Shock Marketing Tactics For PPV Profits
Case Study: PPV Marketers vs. Finch In His Boxers

Shock Marketing Tactics For PPV Profits

PPV tactics

Now, I jacked this graph from a Google image search, and it’s satire rather than actual data. But it’s pretty much true, right? People find it hard not to pay attention to scenes that jump out of their mundane lives and slap them in the face.

Since moving in to PPV advertising, I’ve tried several different approaches to varying degrees of success. I’ve tried informational adverts, humour to capture attention, and the subject of this post – shock marketing. While it’s not suitable for all offers, shock marketing is something that naturally integrates very well with PPV. When you’re dealing with interruption marketing, or springing pop-ups on a user who is otherwise engaged, you really need to have an ace up your sleeve to tear them away from whatever they’re expecting to see on the page they’ve clicked through to.

Many people fail to drive a sufficient CTR with their PPV creatives simply because they try to be too cute. They’ve been raised with conventional marketing wisdom that says that if you explain the right benefits to the right user, you’ll enjoy eventual success. While that’s true to an extent, the nature of pop-up and pop-under display adverts is intrusive.

You could be slinging Vodka to an alcoholic and there’s still a good chance that he’ll give you the cold shoulder. Maybe ten years ago you’d enjoy an easier ride. Unfortunately people are naturally inclined to turn a blind eye to advertisements these days. That’s unless they see something so outrageous or so targeted to their needs that they can find the reason to put aside whatever they were doing before.

When I approach my PPV campaigns, I always do so with the same mindset: “How can I make the user stop and stare?”

Research shows, from a number of sources I truly can’t be bothered to dig out, that you have a matter of split seconds to grab the user’s attention. Miss the boat and you’ve paid to be forgotten.

Picture your target audience. Can you honestly see these users pissing themselves in excitement at the thought of what the next 750×550 might bring?

Well, the way I see it, if you want people to catch a message on a highway billboard, you’re going to have more luck if a car has just been trashed in to the support beams. People will stop and stare.

One of the offers I wanted to test out was an auto insurance quote form. There are some great insurance lead gen opportunities, and PPV is a brilliant way of making your living with them.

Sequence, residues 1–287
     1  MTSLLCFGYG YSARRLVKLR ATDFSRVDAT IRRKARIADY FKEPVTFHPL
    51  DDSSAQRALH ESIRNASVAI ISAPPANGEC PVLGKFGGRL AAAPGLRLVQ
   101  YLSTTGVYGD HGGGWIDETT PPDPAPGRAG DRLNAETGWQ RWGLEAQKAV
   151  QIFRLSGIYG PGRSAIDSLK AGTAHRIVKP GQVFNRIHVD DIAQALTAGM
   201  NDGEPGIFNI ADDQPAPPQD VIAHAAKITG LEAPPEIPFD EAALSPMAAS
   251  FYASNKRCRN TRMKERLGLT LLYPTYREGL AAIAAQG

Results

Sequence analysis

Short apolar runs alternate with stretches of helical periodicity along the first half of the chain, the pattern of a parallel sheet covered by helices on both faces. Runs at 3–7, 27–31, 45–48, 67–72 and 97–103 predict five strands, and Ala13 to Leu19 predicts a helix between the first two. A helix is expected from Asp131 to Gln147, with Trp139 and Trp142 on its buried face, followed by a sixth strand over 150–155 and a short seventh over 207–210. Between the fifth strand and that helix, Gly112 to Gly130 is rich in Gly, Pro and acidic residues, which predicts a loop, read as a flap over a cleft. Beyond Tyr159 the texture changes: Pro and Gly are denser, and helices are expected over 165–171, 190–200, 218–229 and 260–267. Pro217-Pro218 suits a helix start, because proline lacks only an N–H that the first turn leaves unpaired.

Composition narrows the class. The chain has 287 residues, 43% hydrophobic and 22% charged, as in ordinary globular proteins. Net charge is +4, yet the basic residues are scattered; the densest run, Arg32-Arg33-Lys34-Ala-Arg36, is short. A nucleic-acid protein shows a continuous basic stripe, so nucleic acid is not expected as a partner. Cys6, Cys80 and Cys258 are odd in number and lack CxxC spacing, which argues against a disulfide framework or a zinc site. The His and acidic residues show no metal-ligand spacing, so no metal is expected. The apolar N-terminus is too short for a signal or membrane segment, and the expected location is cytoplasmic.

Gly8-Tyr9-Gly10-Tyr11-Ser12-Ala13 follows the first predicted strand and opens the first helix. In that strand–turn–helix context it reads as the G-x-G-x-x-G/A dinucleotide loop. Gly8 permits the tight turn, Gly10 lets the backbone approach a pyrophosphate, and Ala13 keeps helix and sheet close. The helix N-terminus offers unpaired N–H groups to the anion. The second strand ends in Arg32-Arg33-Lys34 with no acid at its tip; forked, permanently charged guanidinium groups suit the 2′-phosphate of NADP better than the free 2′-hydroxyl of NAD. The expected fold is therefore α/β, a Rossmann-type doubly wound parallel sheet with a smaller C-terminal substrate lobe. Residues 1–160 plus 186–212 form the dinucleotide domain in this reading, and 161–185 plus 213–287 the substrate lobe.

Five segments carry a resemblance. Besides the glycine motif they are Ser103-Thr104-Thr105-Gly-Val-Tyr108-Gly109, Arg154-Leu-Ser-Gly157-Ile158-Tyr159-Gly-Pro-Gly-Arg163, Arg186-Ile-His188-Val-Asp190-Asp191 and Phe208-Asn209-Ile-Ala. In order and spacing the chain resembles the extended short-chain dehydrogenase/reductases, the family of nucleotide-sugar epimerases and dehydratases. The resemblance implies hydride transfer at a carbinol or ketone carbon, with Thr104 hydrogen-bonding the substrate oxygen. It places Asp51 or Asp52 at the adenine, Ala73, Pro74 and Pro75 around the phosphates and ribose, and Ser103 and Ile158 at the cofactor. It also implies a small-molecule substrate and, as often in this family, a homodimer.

The problems with auto insurance offers are pretty well documented. Most affiliates are priced out of the PPC space due to advertisers with budgets the size of Texas. The cost efficient platforms to market these offers are PPV and social media networks like Facebook. But it’s not easy to get the average floating surfer to pay attention to an auto insurance offer.

Unless you’re extremely targeted or extremely relevant, it’s going to be hard to interest people with a subject like insurance. I would personally enjoy crunching my balls against my desk more than I would being distracted from my Facebook photo creeping by a loose promise of cheaper car insurance. That’s just me.

I decided to use PPV to target several Chevrolet related websites. I was looking for users who were actively looking to buy a new or used Chevrolet. I can’t remember why I chose this brand. It was something to do with it being the most crashed vehicle in a certain state for three years running. I can’t remember.

As most PPV experts will tell you, you’re going to enjoy a lot more success if you target your traffic source and then try to match it to an offer that fits the demographics. By settling on this Chevrolet crowd, I already had an excellent idea of what my target audience was hoping to see.

It would be very easy to put together a basic creative with a few bullet points and a strapline like “Best Insurance Offer For Your New Chevrolet” or whatever. This will often be successful, but it wasn’t shocking enough – in my eyes – to draw the number of clicks that would be necessary to keep the campaign profitable.

Instead I ventured back to Google Image Search and retrieved a pretty horrific image of a crushed Chevrolet, the result of a high speed car crash. When you have eye-catching provocative imagery, it becomes so much easier to pull the user’s attention off the page. I split tested several different titles and while I’m not going to out my own techniques for driving an image like this home, it goes without saying that bolder is better.

If the aim of your campaign translates in to shocking the user, there are no shortage of directions you can take to get the job done.

How about dating? It struck me just how many advertisements choose to depict stunning women and the guarantee that you could date one of them. But what is the shocking opposite? Well let’s just say the search term “unhappy middle aged man with fat ass ugly beach whale” might have taken a Googling last month.